How does the context and design of participatory decision making processes affect their outcomes? Evidence from sustainable land management in global drylands
Joris de Vente, Spanish National Research Council (CEBAS-CSIC)
Mark S. Reed, Institute for Agri-Food Research and Innovation and Centre for Rural Economy, School of Agriculture, Food and Rural Development, Newcastle University
Lindsay C. Stringer, Sustainability Research Institute, School of Earth and Environment, University of Leeds
Sandra Valente, Centre for Environmental and Marine Studies (CESAM), Department of Environment and Planning, University of Aveiro
Jens Newig, Leuphana University Lüneburg, Research Group Governance, Participation and Sustainability
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Although the design of participatory processes to manage social-ecological systems needs to be adapted to local contexts, it is unclear which elements of process design might be universal. We use empirical evidence to analyze the extent to which context and process design can enable or impede stakeholder participation and facilitate beneficial environmental and social outcomes. To explore the role of design and minor variations in local context on the outcomes of participatory processes, we interviewed participants and facilitators from 11 case studies in which different process designs were used to select sustainable land management options in Spain and Portugal. We analyzed interview data using quantitative and qualitative approaches. Results showed that although some aspects of local context affected process outcomes, factors associated with process design were more significant. Processes leading to more beneficial environmental and social outcomes included the following: the legitimate representation of stakeholders; professional facilitation including structured methods for aggregating information and balancing power dynamics among participants; and provision of information and decision-making power to all participants. Although processes initiated or facilitated by government bodies led to significantly less trust, information gain, and learning, decisions in these processes were more likely to be accepted and implemented. To further test the role of context in determining the outcomes of participation, we interviewed facilitators from a process that was replicated across 13 dryland study sites around the world, reflecting much greater national variations in context. The similarity of outcomes across these sites suggested that the socio-cultural context in which the process was replicated had little impact on its outcomes, as long as certain design principles were fulfilled. Overall, our findings provide a solid empirical basis for good practice in the design of participatory processes in the management of social-ecological systems.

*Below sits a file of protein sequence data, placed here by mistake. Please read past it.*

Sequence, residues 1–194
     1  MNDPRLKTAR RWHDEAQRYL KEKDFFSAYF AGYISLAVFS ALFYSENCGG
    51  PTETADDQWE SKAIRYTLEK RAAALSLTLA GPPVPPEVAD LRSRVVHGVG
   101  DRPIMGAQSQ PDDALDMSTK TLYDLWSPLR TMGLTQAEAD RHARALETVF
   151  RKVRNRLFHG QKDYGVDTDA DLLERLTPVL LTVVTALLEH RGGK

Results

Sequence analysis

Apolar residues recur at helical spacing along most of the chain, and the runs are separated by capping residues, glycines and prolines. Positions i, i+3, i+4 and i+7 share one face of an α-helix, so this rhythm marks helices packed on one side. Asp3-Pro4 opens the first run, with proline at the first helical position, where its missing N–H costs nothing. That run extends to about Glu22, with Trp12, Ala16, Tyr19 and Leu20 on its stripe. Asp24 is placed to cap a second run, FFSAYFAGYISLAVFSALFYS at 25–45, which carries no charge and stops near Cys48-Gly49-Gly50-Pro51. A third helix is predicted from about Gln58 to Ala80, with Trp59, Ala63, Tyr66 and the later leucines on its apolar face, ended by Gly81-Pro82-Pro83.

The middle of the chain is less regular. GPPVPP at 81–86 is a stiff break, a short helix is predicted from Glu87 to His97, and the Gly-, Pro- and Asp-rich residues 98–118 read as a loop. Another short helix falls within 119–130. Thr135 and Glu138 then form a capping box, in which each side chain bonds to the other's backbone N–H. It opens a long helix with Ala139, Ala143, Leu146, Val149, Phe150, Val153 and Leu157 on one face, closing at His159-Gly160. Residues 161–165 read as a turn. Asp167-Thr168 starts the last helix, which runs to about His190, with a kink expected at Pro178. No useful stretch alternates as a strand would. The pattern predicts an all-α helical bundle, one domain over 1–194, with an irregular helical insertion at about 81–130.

drylands; environmental management; land degradation; social learning; stakeholder engagement; sustainable land management
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